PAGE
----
- Health care providers may initiate only one voicemail or text message per day, up to a maximum of three voice calls or text messages combined per week from a specific health care provider.
- In each message health care providers must offer the recipient a means to opt out of future messages.
- Voice calls that could be answered by a live person must include an automated, interactive voice and/or key press-activated opt-out mechanism allowing an opt-out request to be made before the call ends voice calls.
- Calls that could be answered by an answering machine or voice mail service must include a toll-free number that the consumer can call to opt out of future health care calls.
- Text messages must inform recipients of the ability to opt out by replying “STOP,” which will be the exclusive means by which consumers may opt out of such messages
- The health care provider must honor the opt-out requests immediately
Recent case law further defines the contours of this guidance with respect to health care related debt collection. In Murphy v. DCI Biologicals Orlando, LLC, 11th Cir., No. 14-10414 (8/20/15), the court found that the district court correctly refused to consider arguments regarding the validity of a prior FCC order that defined prior express consent and concluded that under the FCC's interpretation of prior express consent, by writing down his mobile phone number on DCI's new donor information sheet, the patient gave his prior express consent to receive auto dialed calls or text messages. Under similar circumstances, and on the day after Murphy, the 6th Circuit Court concluded that a debtor who provided his cellphone number to a creditor gave his prior express consent under the TCPA to be called on that number about the debt. In Hill v. Homeward Residential, Inc., 6th Cir., No. 14-4168 (8/21/15), the court ruled that a debtor doesn't need to give consent to automated calls specifically, but that general consent to being called on a cellphone constitutes prior express consent.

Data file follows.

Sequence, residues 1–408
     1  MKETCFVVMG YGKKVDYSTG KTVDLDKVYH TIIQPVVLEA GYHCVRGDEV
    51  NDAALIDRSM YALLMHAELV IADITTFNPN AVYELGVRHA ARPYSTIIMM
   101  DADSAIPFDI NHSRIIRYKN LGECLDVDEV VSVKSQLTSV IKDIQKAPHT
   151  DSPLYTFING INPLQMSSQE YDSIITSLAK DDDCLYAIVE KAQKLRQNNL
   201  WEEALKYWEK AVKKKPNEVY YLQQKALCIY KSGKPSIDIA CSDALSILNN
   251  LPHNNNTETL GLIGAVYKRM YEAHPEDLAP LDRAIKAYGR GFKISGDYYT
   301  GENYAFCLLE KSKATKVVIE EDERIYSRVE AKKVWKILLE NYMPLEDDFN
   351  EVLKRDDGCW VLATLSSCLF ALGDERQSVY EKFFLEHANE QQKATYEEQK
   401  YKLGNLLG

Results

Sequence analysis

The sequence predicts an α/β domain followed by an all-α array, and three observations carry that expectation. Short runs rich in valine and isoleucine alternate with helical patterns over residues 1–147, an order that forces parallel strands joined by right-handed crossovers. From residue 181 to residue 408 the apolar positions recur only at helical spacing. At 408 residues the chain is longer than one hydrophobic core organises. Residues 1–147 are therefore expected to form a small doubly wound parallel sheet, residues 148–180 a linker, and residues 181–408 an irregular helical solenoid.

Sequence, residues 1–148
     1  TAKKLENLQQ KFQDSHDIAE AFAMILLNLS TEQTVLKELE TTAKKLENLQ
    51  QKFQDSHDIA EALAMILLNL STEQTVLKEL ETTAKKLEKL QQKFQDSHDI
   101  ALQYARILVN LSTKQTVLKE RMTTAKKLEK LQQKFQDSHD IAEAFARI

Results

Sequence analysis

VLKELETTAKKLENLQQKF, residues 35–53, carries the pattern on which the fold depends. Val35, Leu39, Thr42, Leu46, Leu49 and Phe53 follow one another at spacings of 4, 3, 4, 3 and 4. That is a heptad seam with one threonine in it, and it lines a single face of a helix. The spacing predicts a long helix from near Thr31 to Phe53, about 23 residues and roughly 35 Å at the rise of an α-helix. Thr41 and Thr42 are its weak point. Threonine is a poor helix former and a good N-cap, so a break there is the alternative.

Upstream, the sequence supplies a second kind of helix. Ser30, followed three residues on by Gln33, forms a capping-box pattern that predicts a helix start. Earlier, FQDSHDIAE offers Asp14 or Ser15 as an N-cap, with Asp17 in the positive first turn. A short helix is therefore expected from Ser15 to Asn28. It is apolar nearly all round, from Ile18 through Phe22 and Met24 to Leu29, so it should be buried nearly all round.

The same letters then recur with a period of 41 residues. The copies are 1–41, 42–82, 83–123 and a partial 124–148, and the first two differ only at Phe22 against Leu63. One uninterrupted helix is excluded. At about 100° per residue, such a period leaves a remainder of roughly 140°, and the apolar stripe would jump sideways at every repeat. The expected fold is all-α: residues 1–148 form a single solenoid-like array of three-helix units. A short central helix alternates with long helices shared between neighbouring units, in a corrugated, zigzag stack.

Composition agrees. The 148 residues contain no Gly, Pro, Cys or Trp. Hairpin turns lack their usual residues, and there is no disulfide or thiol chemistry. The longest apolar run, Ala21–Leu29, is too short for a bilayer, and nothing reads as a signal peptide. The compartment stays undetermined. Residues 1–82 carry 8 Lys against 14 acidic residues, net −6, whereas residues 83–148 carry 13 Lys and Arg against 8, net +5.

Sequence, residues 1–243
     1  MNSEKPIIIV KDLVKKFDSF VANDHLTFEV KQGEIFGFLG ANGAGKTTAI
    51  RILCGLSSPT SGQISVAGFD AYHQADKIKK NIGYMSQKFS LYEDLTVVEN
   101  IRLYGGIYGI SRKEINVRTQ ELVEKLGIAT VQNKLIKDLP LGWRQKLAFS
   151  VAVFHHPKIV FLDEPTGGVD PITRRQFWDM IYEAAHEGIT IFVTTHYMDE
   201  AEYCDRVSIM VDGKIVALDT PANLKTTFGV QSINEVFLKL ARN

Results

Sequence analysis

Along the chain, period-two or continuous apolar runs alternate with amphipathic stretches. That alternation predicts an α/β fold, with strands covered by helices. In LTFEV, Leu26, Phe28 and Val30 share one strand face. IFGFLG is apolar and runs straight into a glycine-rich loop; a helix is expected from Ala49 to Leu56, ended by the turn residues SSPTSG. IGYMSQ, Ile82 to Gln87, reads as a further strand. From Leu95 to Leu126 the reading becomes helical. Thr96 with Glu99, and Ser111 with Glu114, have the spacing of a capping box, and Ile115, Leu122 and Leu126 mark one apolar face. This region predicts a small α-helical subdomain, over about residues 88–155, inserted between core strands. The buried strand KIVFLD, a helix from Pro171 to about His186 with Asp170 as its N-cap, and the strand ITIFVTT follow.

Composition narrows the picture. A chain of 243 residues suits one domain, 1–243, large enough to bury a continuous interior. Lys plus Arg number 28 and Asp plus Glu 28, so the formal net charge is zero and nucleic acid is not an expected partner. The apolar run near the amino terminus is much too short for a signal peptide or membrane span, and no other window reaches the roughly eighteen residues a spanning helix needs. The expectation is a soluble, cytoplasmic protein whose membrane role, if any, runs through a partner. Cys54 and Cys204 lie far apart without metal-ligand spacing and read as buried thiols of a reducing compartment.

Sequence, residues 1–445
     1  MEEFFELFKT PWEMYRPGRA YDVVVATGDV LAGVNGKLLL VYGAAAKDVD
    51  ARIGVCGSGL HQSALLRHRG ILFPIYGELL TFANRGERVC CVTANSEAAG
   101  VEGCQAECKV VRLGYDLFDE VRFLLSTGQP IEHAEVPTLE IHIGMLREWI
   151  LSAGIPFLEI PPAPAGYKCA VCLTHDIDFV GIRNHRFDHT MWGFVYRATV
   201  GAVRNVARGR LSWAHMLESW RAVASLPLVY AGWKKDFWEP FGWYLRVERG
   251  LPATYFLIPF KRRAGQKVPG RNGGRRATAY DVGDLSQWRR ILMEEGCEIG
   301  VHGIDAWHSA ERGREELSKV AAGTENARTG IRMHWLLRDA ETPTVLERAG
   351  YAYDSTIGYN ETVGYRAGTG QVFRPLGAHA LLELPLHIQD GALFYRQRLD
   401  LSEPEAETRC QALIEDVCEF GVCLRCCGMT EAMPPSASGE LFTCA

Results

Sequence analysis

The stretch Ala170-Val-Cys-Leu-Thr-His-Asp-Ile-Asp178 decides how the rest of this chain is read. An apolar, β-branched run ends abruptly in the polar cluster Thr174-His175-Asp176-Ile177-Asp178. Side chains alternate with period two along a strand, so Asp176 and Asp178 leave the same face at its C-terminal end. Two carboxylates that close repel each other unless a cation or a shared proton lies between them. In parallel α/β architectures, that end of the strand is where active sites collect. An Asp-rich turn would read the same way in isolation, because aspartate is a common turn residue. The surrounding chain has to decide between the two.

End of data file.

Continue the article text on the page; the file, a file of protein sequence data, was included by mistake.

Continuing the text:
In short, while TCPA liability has expanded exponentially, health care providers have been provided protection not available to other industries. Multi-million dollar class actions and settlements, combined with unsettled law and guidance, mean the trend of new TCPA lawsuits will continue. And while case law indicates that the simple provision of a cellphone can sometimes constitute prior express consent, it is always better to obtain prior written consent. If you routinely contact patients or customers through their cellphones, you should engage a TCPA expert to ensure effective compliance and defend high exposure cases. Such counsel should be familiar with the nuances of:
- When written prior express consent is required
- The collection and use of phone numbers provided by consumers and how to ensure that an entity can distinguish between wireless and residential numbers
- Vicarious liability for the acts of third parties (marketers, collection agencies, etc.)
- Potential methods to make sure that their list of wireless numbers is current and up to date
- Specific contractual language to obtain “prior express consent” for calls that are not otherwise covered by the FCC Order’s newly created exemptions.